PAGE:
Al-Bustan’s Blossomed Seed: Mokhtar Bdeir


Mokhtar with a member of Al-Bustan
Percussion Ensemble in 2007.


Born in Palestine, Mokhtar Bdeir moved to America at a young age.  As he reflects on his experience navigating his place in American society, he notes “To me, the journey to discover an identity that could coherently fuse the two halves of my being – the assimilating immigrant and the proud Palestinian – has always been within the crucible of Al-Bustan.”

In 2002, Mokhtar was introduced to Al-Bustan Seeds of Culture and participated in its first summer camp. Since then, Mokhtar has been involved in various capacities with Al-Bustan Camp, while also engaged in other programs, like Al-Bustan’s Arab Percussion Ensemble.  Although Mokhtar graduated this spring from Temple University and looks forward to a professional career in medicine, he continues to enjoy being a part of Al-Bustan Camp.

Mokhtar’s role as a camp counselor mediates between campers and teachers while providing continuity from year to year.  His dedication is evident in his actions. As soon as camp began, I was astonished by Mokhtar’s rapport with the campers.  Campers, old and new, are drawn to him.  His personality illuminates when he is with the campers, spreading good vibes without even trying.  In the morning, campers ask where Mokhtar is as if he is their good friend.  Nothing excites them more than when Mokhtar leads them in the infamous “GaGa Ball” after lunch.  On the other hand, Mokhtar can be serious with the campers, especially when they get a bit restless. His engaging dynamic interactions with everyone fosters fun and nurturing camp culture.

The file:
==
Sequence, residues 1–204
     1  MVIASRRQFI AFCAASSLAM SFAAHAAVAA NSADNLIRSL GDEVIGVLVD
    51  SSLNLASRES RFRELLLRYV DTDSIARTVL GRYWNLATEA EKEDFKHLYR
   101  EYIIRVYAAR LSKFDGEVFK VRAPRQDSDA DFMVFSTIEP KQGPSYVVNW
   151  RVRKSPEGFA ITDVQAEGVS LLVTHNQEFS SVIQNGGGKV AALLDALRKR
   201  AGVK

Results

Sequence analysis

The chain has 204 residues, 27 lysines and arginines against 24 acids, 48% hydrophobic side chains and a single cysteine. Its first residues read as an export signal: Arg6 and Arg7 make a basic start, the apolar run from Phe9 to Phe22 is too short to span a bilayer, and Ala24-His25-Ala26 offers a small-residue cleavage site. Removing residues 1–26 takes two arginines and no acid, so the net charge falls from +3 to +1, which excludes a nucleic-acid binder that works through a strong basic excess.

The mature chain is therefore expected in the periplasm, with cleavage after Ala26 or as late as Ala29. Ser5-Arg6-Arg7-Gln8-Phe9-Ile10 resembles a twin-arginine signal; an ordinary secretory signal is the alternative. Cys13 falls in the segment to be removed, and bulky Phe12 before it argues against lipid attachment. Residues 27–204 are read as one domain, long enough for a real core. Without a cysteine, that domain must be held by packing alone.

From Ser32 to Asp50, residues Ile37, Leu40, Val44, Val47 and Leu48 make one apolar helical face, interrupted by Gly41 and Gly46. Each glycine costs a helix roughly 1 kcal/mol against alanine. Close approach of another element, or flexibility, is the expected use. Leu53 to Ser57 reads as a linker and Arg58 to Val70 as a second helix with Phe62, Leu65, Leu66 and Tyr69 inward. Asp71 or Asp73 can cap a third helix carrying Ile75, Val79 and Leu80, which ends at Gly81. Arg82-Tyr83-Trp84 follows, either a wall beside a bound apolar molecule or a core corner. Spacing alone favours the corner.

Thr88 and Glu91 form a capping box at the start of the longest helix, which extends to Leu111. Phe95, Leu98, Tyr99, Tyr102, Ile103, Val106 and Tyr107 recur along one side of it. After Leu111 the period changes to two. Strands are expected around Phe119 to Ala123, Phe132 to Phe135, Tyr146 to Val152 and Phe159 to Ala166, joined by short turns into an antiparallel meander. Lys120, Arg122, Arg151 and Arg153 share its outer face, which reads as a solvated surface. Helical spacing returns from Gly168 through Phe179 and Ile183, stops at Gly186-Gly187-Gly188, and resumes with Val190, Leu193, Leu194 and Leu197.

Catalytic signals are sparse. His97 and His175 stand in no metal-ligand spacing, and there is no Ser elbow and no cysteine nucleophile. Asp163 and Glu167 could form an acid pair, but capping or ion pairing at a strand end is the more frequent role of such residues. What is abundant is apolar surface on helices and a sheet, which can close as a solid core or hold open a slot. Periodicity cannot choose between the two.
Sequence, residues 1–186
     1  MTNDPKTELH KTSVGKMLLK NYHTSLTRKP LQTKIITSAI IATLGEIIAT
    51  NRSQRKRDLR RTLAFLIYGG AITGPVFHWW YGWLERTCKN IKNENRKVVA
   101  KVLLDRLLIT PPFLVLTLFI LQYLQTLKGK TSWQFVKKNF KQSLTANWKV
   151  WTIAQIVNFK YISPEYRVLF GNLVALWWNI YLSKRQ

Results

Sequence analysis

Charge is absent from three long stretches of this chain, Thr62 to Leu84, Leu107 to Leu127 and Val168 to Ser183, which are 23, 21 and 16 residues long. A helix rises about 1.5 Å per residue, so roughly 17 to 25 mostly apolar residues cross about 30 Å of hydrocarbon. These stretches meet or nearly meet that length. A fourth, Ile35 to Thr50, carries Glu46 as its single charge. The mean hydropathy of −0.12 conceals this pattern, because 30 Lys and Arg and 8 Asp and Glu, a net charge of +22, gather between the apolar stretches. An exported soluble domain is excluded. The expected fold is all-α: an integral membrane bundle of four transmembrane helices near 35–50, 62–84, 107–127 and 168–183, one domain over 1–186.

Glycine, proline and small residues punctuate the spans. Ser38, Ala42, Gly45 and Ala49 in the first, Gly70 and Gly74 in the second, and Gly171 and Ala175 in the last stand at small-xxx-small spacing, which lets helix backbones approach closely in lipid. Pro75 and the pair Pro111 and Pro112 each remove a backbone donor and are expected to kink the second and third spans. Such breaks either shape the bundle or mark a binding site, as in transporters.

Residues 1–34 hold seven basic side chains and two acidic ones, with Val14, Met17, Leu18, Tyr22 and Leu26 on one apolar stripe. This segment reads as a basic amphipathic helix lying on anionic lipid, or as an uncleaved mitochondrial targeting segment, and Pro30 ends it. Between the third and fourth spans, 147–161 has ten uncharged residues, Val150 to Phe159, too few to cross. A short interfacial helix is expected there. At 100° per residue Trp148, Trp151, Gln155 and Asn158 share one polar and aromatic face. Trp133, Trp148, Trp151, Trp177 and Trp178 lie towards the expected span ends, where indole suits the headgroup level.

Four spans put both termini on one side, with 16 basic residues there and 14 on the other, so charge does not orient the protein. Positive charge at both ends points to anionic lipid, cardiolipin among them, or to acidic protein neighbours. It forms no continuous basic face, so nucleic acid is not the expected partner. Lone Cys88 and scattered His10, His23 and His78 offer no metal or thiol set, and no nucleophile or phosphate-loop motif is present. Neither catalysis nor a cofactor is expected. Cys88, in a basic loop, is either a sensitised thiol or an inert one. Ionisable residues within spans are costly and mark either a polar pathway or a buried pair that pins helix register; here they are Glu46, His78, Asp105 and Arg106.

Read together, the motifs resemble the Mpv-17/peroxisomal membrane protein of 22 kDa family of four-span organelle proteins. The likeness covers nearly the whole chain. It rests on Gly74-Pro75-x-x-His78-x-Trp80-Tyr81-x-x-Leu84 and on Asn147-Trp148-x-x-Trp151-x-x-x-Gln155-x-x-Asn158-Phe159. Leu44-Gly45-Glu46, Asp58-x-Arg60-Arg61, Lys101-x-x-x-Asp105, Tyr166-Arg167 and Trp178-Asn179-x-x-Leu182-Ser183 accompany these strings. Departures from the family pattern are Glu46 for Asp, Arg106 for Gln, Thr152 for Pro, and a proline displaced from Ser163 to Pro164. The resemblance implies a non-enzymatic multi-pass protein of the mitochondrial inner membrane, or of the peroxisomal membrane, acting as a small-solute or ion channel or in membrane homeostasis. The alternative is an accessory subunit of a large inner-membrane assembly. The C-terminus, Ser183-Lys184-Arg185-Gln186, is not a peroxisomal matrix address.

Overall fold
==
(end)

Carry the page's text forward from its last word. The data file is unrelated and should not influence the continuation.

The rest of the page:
Mokhtar teaching kids the
doumbek at this year’s camp!

Mokhtar has excelled throughout his journey. Al-Bustan planted a seed of culture and they watched it blossom into a highly motivated, intelligent young man.  He expresses his appreciation in writing, “I had the great privilege to work at Al-Bustan Camp with kids, who like me over 10 years ago, showed tremendous passion, innovation, and motivation at our summer program as they explored Arabic music, literature, art, and language.  The youngest of them truly reminded me of the importance of our work here: they struggled to mold their mouths to form Arabic words, laughed at Arabic children’s books, toiled with an amazing curiosity over their artistic renderings of the Lebanese countryside, and sang, drummed, and danced in class and through the halls. Yet, the most inspiring moments took place outside the classroom when I saw the determination these kids had to understand one another and their backgrounds. They played, ran, and ate in solidarity. Al-Bustan’s programs have real potential to change lives and perception: it is not just music for the sake of music, rather it is a vessel for expression, development, and solidarity, a vessel which I have much gratitude for.”

Zeanah Rumman-Obeid 
Drexel student


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